|HIV and HIV-related sickness
Sep 5, 2009
Thank you for taking the time to answer my question. My boyfriend was diagnosed with HIV on May 20th, with an exposure date of April 8th and textbook symptoms 2 weeks after exposure.
He has always had a fast metabolism so is trying to eat more (he is very thin, as he was before), he also smokes and drinks (moderately). He tries to exercise but currently cannot afford a gym membership.
He gets ADAP care through the Los Angeles Gay and Lesbian Center but is not on medication because no baseline has been established. Due to budget problems his appointments keep getting pushed back month by month...so treatment is a problem and he does not have medical insurance to get proper care.
He had been very healthy until just a few days ago. Recently, he's felt congestion and some fatigue. And last night he told me that his body was starting to ache all over and he feels like "something is wrong."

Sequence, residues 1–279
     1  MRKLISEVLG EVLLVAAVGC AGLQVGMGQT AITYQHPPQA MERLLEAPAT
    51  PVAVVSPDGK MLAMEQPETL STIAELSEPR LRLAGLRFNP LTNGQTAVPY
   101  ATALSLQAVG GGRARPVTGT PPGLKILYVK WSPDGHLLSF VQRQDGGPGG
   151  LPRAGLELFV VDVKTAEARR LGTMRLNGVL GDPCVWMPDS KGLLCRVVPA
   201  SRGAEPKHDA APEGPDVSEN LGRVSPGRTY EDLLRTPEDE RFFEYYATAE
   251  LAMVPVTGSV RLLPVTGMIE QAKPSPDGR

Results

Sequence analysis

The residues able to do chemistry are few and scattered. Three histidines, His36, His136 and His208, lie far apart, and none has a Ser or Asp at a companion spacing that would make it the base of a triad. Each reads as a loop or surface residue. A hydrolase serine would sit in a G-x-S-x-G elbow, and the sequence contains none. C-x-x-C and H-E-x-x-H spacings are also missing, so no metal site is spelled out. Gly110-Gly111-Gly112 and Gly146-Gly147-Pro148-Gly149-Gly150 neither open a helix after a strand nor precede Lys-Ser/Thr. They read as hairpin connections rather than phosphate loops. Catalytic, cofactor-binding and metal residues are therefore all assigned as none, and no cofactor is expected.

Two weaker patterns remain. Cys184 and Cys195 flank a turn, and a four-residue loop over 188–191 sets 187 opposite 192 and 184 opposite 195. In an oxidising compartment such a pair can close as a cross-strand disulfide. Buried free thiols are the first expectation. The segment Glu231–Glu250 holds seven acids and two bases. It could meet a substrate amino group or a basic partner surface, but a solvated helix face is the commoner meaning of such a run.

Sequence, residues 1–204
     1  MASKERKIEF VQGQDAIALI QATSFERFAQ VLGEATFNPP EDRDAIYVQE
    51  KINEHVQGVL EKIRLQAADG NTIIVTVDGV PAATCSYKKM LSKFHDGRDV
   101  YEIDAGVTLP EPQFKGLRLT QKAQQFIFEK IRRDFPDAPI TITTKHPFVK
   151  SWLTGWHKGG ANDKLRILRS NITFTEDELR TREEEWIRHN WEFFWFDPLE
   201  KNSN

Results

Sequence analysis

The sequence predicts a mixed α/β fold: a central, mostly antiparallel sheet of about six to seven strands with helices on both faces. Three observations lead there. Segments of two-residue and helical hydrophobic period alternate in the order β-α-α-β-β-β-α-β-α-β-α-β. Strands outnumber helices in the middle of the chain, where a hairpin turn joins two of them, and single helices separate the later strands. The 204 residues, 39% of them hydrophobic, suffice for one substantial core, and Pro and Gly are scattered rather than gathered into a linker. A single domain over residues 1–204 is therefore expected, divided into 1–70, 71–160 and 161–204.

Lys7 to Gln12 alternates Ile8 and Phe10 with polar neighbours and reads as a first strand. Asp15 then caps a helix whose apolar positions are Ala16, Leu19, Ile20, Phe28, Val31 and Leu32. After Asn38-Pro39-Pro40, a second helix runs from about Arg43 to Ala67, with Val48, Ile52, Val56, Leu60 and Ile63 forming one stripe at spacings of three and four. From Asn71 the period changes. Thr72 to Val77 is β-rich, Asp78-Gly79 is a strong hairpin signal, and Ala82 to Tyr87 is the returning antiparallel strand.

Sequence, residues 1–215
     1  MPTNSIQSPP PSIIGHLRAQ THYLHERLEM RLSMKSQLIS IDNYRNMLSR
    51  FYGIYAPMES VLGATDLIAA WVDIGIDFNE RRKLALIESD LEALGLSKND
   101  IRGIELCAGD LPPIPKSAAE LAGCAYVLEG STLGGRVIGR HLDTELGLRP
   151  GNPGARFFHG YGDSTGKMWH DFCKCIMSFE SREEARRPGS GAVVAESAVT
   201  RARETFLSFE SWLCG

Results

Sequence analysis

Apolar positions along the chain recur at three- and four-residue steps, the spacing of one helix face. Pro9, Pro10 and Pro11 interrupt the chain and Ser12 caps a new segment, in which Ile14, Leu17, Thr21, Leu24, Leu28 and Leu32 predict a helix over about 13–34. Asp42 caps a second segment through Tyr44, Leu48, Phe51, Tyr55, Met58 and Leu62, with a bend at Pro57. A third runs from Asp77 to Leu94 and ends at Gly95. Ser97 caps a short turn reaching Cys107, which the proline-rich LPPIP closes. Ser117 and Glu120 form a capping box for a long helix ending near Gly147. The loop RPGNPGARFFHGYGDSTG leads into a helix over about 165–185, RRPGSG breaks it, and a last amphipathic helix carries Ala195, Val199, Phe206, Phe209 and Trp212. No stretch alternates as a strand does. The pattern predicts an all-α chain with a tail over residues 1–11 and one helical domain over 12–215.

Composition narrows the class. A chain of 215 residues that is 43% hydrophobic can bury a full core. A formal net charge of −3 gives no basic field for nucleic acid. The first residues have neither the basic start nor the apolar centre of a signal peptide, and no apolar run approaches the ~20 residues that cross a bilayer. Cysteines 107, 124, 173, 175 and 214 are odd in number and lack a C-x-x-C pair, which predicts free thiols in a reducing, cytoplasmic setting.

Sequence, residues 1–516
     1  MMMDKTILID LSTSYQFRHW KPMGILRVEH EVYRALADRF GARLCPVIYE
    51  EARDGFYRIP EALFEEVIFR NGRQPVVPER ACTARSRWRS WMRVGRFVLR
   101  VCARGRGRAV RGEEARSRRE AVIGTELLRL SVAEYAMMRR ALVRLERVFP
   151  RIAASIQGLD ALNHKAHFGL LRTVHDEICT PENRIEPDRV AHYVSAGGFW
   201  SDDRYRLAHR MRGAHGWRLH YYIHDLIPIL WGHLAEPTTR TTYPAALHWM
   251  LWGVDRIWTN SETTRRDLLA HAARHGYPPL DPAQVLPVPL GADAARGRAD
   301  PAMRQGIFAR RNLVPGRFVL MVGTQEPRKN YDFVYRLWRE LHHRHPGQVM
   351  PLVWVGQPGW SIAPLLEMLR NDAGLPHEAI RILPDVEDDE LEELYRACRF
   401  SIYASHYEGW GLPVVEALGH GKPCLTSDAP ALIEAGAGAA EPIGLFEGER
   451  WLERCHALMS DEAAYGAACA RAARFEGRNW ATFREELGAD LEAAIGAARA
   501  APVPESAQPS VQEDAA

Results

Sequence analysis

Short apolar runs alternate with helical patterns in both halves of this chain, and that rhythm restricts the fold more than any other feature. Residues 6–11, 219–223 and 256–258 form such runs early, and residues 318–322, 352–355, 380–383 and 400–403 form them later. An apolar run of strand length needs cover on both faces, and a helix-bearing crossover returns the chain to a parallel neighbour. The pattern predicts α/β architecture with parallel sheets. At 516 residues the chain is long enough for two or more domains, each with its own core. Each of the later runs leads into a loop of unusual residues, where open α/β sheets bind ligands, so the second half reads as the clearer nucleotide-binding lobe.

My question is this: Could this be an HIV-related side effect or is it possible it's just allergies and will go away? Is it common for recently diagnosed HIV-ers to fully go through seroconversion and then get sick again later? What are your recommendations on what we should do? Again, he does not have medical insurance and the GL Center is struggling to treat him. Any help would be much appreciated. Thank you!!
| Response from Mr. Vergel
Flu like symptoms without having the flu are not uncommon in those with HIV, especially with higher viral loads. These symptoms usually resolve on their own or after starting HIV antiretrovirals.
It is important that he enrolls in a smoke cessation program since smokers tend to fare not as well not only in HIV disease, but also in lung problems, loss of bone density, increased sexual dysfunction and heart disease.
Have you contacted other non profits in the LA area to see if he can access faster treatment there? Here are some:
Also, are you taking care of yourself? Have you gotten tested also? As a care provider and support system, you also need to take care of yourself. We often forget how to do that since we are so worried about the wellbeing of those around us. You should be eating well, try to get proper sleep, exercise, and try to get some support yourself through friends, family, or joining a care provider support group.
Please let me know what happens next. We are here to help.
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